$2,181,147

 

$614,712

 

$984,229

 

$184,806

 

$128,484

 

$4,913,956

President

 

2011

 

$803,079

 

$0

 

$6,461,195

 

$611,158

 

$896,036

 

$58,890

 

$648,652

 

$9,479,010

and Chief Executive Officer

 

2010

 

 

 

 

 

 

 

 

 

 

 

 

 

 

 

 

 

 

 

 

 

 

 

 

 

 

 

 

 

 

 

 

 

 

 

Ralph, K. Douglas

 

2012

 

$418,641

 

$0

 

$649,168

 

$182,857

 

$400,175

 

$462,403

 

$63,064

 

$2,176,308

Senior Vice President

 

2011

 

$405,874

 

$0

 

$632,006

 

$192,223

 

$387,736

 

$241,796

 

$64,736

 

$1,924,371

and Chief Financial Officer

 

2010

 

$392,862

 

$0

 

$1,553,850

 

$249,004

 

$420,129

 

$170,159

 

$50,024

 

$2,836,028

 

 

 

 

 

 

 

 

 

 

 

 

 

 

 

 

 

 

 

Kamon, Mark S.

 

2012

 

$354,885

 

$0

 

$384,655

 

$108,368

 

$339,232

 

$754,469

 

$22,573

 

$1,964,182

Senior Vice President -

 

2011

 

$346,328

 

$0

 

$270,887

 

$83,350

 

$289,812

 

$390,150

 

$21,344

 

$1,401,871

Commercial Specialty Alloys Operations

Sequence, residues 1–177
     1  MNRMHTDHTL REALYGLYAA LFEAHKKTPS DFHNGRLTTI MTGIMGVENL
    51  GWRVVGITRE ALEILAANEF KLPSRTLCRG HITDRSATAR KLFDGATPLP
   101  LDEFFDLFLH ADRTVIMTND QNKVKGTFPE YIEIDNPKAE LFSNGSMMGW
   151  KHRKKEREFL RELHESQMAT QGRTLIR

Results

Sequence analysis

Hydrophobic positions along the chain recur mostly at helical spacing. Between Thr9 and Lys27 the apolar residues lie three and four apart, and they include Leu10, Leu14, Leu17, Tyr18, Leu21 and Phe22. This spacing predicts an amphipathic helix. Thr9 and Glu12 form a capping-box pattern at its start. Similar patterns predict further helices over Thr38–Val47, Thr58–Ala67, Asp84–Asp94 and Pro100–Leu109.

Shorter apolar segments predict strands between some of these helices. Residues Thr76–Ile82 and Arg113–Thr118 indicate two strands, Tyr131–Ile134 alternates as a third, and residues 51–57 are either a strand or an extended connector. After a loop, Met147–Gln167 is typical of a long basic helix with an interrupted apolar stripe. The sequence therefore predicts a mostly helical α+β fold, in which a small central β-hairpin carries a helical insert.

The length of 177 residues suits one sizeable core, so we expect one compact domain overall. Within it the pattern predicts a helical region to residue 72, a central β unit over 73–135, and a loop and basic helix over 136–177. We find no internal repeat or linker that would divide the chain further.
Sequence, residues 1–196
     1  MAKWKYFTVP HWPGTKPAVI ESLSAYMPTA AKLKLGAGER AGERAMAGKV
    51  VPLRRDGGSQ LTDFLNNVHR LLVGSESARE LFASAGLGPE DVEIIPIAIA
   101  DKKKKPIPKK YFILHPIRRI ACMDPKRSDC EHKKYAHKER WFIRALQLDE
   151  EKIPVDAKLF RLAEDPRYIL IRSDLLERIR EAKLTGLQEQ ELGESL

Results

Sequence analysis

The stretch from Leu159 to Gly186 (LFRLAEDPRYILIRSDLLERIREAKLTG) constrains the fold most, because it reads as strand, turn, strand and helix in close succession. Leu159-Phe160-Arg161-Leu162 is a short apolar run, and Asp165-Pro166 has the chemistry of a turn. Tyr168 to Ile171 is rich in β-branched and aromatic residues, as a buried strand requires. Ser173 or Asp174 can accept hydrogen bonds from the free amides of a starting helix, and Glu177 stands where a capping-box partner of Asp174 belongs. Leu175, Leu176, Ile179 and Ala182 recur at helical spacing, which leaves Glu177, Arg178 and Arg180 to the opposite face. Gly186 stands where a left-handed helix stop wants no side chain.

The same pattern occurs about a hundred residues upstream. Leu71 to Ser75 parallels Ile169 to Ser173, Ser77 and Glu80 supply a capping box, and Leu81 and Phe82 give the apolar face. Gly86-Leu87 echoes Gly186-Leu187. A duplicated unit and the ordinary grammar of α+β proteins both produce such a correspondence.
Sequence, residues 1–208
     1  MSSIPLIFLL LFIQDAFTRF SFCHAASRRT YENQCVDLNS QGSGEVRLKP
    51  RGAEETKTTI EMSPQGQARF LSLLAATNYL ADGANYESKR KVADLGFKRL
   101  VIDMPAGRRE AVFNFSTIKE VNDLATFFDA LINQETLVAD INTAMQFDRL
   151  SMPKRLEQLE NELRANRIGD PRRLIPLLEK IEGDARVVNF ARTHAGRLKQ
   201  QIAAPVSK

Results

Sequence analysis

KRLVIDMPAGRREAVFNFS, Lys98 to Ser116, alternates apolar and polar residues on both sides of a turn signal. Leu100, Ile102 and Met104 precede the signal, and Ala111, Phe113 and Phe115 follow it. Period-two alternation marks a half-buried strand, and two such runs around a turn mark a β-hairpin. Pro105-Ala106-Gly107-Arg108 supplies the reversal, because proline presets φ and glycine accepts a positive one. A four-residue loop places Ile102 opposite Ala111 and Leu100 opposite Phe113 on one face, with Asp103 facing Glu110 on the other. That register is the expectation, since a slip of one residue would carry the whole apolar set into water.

2010

 

$339,694

 

$0

 

$255,001

 

$91,767

 

$317,862

 

$476,205

 

$21,955

 

$1,502,485

 

 

 

 

 

 

 

 

 

 

 

 

 

 

 

 

 

 

 

Strobel, David L.

 

2012

 

$326,250

 

$0

 

$384,655

 

$108,368

 

$312,182

 

$1,055,329

 

$25,626

 

$2,212,410

Senior Vice President-

 

2011

 

$254,424

 

$0

 

$395,333

 

$113,784

 

$237,610

 

$395,420

 

$13,309

 

$1,409,880

Global Operations

 

2010

 

$196,923

 

$0

 

$181,405

 

$65,285

 

$106,051

 

$313,404

 

$10,278

 

$873,346

 

 

 

 

 

 

 

 

 

 

 

 

 

 

 

 

 

 

 

Ziolkowski, Andrew T.

 

2012

 

$296,134

 

$0

 

$564,513

 

$74,513

 

$211,796

 

$609,983

 

$31,642

 

$1,788,582

Senior Vice President -

 

2011

 

$270,453

 

$0

 

$294,924

 

$85,804

 

$88,406

 

$103,687

 

$16,551

 

$859,825

Latrobe Operations

 

2010

 

$260,720

 

$0

 

$218,449

 

$78,526

 

$26,285

 

$447,211

 

$14,952

 

$1,046,143

 

 

 

 

 

 

 

 

 

 

 

 

 

 

 

 

 

 

 

 

(1)         The grant date fair value of stock awards granted to our NEOs in fiscal year 2012 was computed in accordance with FASB ASC Topic 718, Compensation — Stock Compensation. Assumptions made in this valuation are set forth in Note 14 to the financial statements contained in Carpenter’s 2012 Annual Report on Form 10-K.